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About Nutrition Notes

Michelle Albee Matto Nutrition Notes Blog offers insight, news and analysis on nutrition, as well as food labeling. The blog is written by Michelle Albee Matto, who worked in IDFA's regulatory department for eight years, most recently as assistant director for nutrition and labeling.

Michelle now works exclusively for IDFA as a nutrition and labeling consultant. Contact her at

Michelle is a registered dietician and holds a Master of Public Health degree from the University of North Carolina-Chapel Hill and a Bachelor of Science degree in nutrition from Russell Sage College in Troy, N.Y. She is an active member of the Academy of Nutrition and Dietetics and the Society for Nutrition Education.

Nutrition Notes

  • Looking Backward, Looking Forward

    December 30, 2012
    This is the time of year where we look forward to the year that we’re just beginning. We’ve seen lots of big food and nutrition trends through 2012, and we’ll see these and other trends continue in 2013. The Internet is filled with predictions for the new year, so here are some of my predictions for dairy in 2013. Breakfast: One of the healthy habits commonly adopted by people who have successfully lost weight and kept it off is to eat breakfast every day. Breakfast is a great opportunity to highlight dairy’s nutritional benefits—milk on cereal, a cup of yogurt or even cheese on a breakfast sandwich. Snacking: Another eating pattern that’s been associated with maintaining a healthier weight is smaller meals or snacks through the day. There are so many dairy products that work perfectly as healthy snacks: individually wrapped sticks of cheese, a single serve drinkable yogurt or flavored milk. More protein: Americans are looking for more protein, and this trend will likely continue this year. Dairy is naturally a good source of protein, including lowfat and fat-free sources of protein like cottage cheese, Greek yogurt and milk. Less sugar: If people are looking for more protein in 2013, they’ll also be looking for a lot less sugar, especially added sugar. Processors have already done a lot of work to lower levels of sugar in flavored milk and are using non-caloric sweeteners in products like yogurt and ice cream. Some products even use filtration ... Read More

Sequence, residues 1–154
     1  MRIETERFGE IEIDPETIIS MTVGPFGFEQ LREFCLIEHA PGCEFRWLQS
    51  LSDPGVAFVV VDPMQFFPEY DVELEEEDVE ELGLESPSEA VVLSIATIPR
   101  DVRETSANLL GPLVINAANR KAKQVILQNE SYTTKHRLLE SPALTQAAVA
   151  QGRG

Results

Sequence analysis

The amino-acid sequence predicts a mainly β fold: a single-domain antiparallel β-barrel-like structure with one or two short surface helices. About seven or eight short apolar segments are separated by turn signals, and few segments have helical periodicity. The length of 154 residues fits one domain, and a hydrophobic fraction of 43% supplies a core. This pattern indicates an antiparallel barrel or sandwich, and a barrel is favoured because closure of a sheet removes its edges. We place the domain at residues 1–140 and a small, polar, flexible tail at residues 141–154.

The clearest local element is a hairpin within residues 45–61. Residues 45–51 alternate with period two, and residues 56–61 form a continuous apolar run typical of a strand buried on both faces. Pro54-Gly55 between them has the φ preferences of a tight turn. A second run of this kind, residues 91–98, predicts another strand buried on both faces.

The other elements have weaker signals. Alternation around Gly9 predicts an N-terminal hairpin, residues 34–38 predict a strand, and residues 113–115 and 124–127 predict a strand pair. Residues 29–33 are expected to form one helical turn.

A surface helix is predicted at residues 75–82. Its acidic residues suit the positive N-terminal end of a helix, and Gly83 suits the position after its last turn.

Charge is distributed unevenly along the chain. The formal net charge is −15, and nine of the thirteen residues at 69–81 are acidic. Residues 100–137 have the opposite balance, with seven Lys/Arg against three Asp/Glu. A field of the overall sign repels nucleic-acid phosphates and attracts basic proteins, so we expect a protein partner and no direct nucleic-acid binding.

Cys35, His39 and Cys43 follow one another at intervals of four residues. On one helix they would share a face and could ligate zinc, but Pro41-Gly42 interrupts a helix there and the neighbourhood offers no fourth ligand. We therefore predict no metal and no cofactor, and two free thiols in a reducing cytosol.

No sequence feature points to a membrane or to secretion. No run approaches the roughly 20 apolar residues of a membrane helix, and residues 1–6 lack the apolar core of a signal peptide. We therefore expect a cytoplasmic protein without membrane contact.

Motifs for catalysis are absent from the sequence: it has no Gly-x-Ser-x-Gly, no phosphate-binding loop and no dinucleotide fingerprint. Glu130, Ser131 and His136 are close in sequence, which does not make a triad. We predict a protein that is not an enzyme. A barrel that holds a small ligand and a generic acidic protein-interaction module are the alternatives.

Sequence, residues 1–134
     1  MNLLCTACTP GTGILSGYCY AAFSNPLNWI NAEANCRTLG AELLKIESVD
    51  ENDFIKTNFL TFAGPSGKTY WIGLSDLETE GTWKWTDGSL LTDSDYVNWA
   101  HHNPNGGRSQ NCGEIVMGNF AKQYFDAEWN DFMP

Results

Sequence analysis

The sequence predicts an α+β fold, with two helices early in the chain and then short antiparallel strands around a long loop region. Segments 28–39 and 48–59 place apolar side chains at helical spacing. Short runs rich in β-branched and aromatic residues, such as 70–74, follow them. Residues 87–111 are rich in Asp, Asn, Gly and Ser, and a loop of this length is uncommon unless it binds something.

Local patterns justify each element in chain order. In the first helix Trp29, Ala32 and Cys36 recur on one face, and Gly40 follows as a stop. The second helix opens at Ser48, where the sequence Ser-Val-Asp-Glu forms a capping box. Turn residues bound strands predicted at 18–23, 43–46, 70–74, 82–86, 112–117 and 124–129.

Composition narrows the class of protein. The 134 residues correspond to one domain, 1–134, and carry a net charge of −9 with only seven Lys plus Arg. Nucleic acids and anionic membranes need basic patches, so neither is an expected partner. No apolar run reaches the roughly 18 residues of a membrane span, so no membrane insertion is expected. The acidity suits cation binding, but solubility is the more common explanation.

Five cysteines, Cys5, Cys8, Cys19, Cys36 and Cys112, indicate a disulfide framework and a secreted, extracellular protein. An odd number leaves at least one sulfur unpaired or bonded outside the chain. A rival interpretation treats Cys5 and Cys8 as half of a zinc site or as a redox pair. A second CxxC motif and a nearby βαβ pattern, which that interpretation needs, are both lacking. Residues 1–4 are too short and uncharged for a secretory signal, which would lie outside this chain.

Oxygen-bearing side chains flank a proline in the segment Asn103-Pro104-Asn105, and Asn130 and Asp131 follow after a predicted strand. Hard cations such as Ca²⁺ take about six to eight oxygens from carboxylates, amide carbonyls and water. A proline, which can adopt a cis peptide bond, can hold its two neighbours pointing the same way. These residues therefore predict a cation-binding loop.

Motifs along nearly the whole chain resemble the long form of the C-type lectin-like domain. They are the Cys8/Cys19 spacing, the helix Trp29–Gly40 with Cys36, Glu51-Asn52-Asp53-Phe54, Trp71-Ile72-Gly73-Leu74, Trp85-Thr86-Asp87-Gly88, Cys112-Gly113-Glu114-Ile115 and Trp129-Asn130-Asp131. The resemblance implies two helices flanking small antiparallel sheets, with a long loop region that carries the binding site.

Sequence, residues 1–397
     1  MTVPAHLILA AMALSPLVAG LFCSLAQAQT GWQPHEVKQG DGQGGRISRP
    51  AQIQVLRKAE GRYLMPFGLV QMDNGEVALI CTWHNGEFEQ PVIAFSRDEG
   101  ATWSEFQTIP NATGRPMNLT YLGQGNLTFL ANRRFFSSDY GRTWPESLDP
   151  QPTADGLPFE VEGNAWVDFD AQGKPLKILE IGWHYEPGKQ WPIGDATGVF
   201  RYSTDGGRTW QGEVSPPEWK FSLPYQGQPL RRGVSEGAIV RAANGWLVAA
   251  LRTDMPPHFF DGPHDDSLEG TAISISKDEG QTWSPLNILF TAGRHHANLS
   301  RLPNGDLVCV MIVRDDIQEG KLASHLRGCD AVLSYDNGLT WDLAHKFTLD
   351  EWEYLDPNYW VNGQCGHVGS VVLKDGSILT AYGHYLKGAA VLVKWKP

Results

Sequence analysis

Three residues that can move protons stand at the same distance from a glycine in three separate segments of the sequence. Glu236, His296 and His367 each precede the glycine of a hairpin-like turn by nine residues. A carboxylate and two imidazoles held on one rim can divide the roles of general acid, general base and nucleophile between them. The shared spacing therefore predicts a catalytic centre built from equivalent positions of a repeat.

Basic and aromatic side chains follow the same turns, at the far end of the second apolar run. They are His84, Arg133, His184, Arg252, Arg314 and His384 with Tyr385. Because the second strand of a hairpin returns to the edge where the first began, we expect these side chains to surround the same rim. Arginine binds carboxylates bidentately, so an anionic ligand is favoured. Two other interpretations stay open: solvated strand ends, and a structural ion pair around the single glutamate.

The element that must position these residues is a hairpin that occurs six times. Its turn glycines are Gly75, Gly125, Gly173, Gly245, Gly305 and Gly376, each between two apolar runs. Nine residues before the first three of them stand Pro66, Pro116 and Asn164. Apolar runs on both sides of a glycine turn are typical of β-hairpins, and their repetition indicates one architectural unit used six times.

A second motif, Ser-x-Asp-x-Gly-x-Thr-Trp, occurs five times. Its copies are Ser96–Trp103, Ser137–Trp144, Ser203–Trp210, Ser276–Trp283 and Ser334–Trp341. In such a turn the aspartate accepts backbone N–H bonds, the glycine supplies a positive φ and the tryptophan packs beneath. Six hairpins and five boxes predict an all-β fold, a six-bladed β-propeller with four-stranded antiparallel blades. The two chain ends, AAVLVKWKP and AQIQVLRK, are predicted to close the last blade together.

• Looking Forward to…. 2015?

    December 19, 2012
    While the majority of us are looking forward to 2013, the public health and nutrition communities are already looking forward to 2015. The 2015 Dietary Guidelines for Americans process has already begun. Nominations for experts to serve on the Dietary Guidelines Advisory Committee were due last week. The Department of Health and Human Services (HHS) and the United States Department of Agriculture (USDA) will review the nominations and appoint a committee of nutrition and health experts to make recommendations about the content of the new Dietary Guidelines. The first meeting of the Advisory Committee is planned for April 2013. Over the following 18 months, committee members will review current nutritional research and make recommendations about the content of a healthy diet for Americans over the age of 2. After the release of the Advisory Committee’s report, HHS and USDA will prepare a policy document that will guide the nutrition policy of the US government over the following 5 years, which will then be followed by the release of consumer-friendly documents. At this point, the official release of the 2015 Dietary Guidelines for Americans is expected to be in the fall of 2015. Additional consumer education materials, such as the “MyPlate” icon ( will then be launched after the Dietary Guidelines. The Dietary Guidelines is important because not only does it set the standard for nutrition recommendations from the federal government, it also serves as the nutritional basis for federal nutrition programs, such as the school meal programs. This means that ... Read More
  • Marketing to Kids

    December 17, 2012